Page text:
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The Navy's top officer just admitted the much-hyped electromagnetic railgun is a big mess
Less than a year after declaring the U.S. Navy "fully invested" in the service's much-hyped electromagnetic railgun, Chief of Naval Operations Adm. John Richardson is apparently experiencing some buyer's remorse over the $500 million supergun's troubled development.
Appearing before an audience at the Atlantic Council on Thursday, Richardson characterized the decade-old weapons system — capable of accelerating a projectile to hypersonic speeds but stuck in research and development limbo without a ship-board tactical demonstrator — as "the case study that would say, 'This is how innovation maybe shouldn't happen.'"
"We've learned a lot [from the project] and the engineering of building something like that that can handle that much electromagnetic energy and not just explode is challenging," Richardson said, per Business Insider. "So, we're going to continue after this — we're going to install this thing, we're going to continue to develop it, test it."
"It's too great a weapon system, so it's going somewhere, hopefully," he added.
Translation: Whatever, man.
A prototype of the Navy's electromagnetic railgun(DoD photo)
That's quite an about face from the confidence Richardson exuded during a congressional hearing back in March 2018, months after Task & Purpose reported in December 2017 that the advanced system would likely never make it out of the R&D stage due to both the engineering challenges of actually mounting the thing on a Navy vessel and, more importantly, changing priorities within the Pentagon's Strategic Capabilities Office.
"[We are] fully invested in railgun; we continue to test it," Richardson assured lawmakers at the time, per Military.com. "We've demonstrated it at lower firing rates and ... shorter ranges. Now we have to do the engineering to, sort of, crank it up and get it at the designated firing rates, at the 80- to 100-mile range."
Task & Purpose had previously reported that SCO was shifting its focus towards the hypervelocity projectile (HVP), specialized shells originally developed as the primary ammunition for the railgun that are just as effective when fired from conventional artillery. Indeed, the Navy test fired the HVP from the USS Dewey's Mk 45 five-inch deck guns during the 2018 Rim of the Pacific (RIMPAC) in August of that year.
Richardson affirmed that shift in priorities on Thursday. "The high-velocity projectile is also usable in just about every gun we have. It can be out in the fleet very, very quickly independent of the railgun," he said. "So, this effort is breeding all sorts of advances. We just need to get the clock sped up with respect to the railgun."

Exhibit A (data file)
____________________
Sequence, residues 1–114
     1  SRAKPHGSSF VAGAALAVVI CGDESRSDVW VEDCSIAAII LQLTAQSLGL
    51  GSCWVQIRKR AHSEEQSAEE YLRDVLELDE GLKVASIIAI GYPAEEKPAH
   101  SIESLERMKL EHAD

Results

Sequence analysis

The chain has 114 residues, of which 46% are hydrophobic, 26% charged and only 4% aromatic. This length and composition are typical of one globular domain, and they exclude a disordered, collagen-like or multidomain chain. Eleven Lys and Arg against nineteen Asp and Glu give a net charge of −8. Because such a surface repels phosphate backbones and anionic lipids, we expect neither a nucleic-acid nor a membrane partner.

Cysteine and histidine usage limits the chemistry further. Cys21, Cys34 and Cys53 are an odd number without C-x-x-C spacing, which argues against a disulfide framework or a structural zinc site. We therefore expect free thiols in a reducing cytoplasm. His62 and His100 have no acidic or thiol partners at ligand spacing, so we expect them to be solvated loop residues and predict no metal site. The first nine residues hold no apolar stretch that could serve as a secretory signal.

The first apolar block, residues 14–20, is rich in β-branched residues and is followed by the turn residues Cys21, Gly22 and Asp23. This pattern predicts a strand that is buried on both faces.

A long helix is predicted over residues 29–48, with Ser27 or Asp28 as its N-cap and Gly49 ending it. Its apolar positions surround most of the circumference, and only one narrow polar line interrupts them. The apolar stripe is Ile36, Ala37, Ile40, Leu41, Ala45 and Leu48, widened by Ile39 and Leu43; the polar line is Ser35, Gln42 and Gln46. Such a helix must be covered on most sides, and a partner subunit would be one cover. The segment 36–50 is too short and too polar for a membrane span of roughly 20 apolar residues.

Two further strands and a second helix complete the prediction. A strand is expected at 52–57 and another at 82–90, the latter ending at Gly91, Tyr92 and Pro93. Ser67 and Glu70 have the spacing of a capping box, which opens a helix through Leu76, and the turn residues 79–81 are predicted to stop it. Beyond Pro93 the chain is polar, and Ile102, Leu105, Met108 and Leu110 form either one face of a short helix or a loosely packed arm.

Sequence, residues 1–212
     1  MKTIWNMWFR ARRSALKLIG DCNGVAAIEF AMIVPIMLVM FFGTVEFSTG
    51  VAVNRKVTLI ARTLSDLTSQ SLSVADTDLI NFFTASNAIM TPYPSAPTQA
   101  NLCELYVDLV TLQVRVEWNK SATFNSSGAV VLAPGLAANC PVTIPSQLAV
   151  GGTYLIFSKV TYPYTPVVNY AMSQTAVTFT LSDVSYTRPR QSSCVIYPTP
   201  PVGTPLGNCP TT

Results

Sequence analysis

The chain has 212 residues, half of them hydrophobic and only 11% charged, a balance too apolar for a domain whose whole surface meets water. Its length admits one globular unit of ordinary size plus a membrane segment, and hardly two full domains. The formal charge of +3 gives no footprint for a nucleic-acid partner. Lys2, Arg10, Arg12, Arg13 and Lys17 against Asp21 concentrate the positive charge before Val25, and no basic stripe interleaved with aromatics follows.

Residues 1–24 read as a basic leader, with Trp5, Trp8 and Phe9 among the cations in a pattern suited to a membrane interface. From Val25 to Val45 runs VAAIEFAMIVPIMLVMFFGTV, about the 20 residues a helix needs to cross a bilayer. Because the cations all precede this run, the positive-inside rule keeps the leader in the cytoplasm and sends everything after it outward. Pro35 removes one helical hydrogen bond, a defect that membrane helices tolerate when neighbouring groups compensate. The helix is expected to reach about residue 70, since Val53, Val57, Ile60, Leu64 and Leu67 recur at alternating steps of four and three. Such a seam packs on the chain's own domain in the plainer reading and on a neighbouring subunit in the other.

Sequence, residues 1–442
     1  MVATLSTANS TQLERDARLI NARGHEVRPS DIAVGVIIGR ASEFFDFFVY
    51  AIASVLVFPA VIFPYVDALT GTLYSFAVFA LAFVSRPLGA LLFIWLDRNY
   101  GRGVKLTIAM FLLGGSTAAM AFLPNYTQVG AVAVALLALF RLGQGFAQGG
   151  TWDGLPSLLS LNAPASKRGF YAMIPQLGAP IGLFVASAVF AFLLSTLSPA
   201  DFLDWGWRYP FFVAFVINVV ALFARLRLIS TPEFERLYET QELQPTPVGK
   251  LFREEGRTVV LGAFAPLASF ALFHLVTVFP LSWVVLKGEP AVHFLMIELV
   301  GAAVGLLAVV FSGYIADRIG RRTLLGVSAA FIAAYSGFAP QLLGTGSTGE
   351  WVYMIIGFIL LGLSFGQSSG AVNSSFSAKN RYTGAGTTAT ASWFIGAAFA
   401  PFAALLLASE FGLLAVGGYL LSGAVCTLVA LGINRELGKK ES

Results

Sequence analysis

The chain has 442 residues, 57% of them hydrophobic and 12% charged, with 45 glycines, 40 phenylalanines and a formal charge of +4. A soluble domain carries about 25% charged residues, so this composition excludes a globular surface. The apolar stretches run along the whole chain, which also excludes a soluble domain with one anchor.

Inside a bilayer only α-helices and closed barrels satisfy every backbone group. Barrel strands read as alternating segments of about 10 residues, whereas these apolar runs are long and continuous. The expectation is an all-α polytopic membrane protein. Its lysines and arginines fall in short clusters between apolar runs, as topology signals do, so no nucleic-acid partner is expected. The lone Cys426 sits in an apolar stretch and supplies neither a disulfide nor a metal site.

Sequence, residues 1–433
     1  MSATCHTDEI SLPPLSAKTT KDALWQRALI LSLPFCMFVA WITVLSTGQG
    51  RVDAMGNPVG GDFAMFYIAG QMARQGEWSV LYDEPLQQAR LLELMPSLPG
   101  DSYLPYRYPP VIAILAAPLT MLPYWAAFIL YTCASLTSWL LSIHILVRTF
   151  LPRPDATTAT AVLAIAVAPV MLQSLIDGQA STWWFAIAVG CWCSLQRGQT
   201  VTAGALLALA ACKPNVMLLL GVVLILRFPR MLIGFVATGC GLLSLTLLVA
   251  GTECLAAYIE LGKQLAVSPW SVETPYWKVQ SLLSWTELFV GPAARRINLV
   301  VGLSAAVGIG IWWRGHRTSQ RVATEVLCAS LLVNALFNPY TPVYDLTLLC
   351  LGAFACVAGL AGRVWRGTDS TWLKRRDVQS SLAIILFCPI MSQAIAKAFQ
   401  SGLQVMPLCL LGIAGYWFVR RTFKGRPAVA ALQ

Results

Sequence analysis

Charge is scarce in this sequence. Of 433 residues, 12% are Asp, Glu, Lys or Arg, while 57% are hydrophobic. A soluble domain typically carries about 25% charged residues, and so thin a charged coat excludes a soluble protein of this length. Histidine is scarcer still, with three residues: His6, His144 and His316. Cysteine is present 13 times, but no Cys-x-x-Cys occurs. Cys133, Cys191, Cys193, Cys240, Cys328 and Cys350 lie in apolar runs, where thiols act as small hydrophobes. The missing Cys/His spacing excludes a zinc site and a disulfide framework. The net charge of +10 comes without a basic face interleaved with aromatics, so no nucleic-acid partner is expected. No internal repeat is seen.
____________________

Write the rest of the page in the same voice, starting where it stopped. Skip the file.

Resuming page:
A year ago, Richardson attempted to assure lawmakers that, as Military.com put it, "death of the program was greatly exaggerated."
So I'm just going to leave this here:
Suck it, jerks
Once again, the United States and the Taliban are apparently close to striking a peace deal. Such a peace agreement has been rumored to be in the works longer than the latest "Bill & Ted's Excellent Adventure" sequel. (The difference is Keanu Reeves has fewer f**ks to give than U.S. Special Representative for Afghanistan Ambassador Zalmay Khalilzad.)
Both sides appeared to be close to reaching an agreement in September until the Taliban took credit for an attack that killed Army Sgt. 1st Class Elis A. Barreto Ortiz, of the 3rd Brigade Combat Team, 82nd Airborne Division. That prompted President Donald Trump to angrily cancel a planned summit with the Taliban that had been scheduled to take place at Camp David, Maryland, on Sept. 8.
Now Taliban spokesman Suhail Shaheen has told a Pakistani newspaper that he is "optimistic" that the Taliban could reach an agreement with U.S. negotiators by the end of January.
75 years ago, Audie Murphy earned his Medal of Honor with nothing but a burning tank destroyer's .50 cal and insane bravery
Editor's note: a version of this post first appeared in 2018
On January 26, 1945, the most decorated U.S. service member of World War II earned his legacy in a fiery fashion.
Florida senators are pushing for Purple Hearts for service members wounded in the NAS Pensacola shooting
Florida's two senators are pushing the Defense Department to award Purple Hearts to the U.S. service members wounded in the December shooting at Naval Air Station Pensacola.
The Navy Department is in the middle of a new force-structure review, which could change the number and types of ships the sea services say they'll need to fight future conflicts. But instead of trying to project what they will need three decades out, which has been the case in past assessments, acting Navy Secretary Thomas Modly said the services will take a shorter view.
"I don't know what the threat's going to be 30 years from now, but if we're building a force structure for 30 years from now, I would suggest we're probably not building the right one," he said Friday at a National Defense Industrial Association event.
The Navy completed its last force-structure assessment in 2016. That 30-year plan called for a 355-ship fleet.
NEWPORT NEWS, Va. — The police officer killed during a traffic stop in Newport News on Thursday night was a well-liked young officer who just graduated from the police academy seven months ago, Police Chief Steve Drew said at a somber news conference Friday.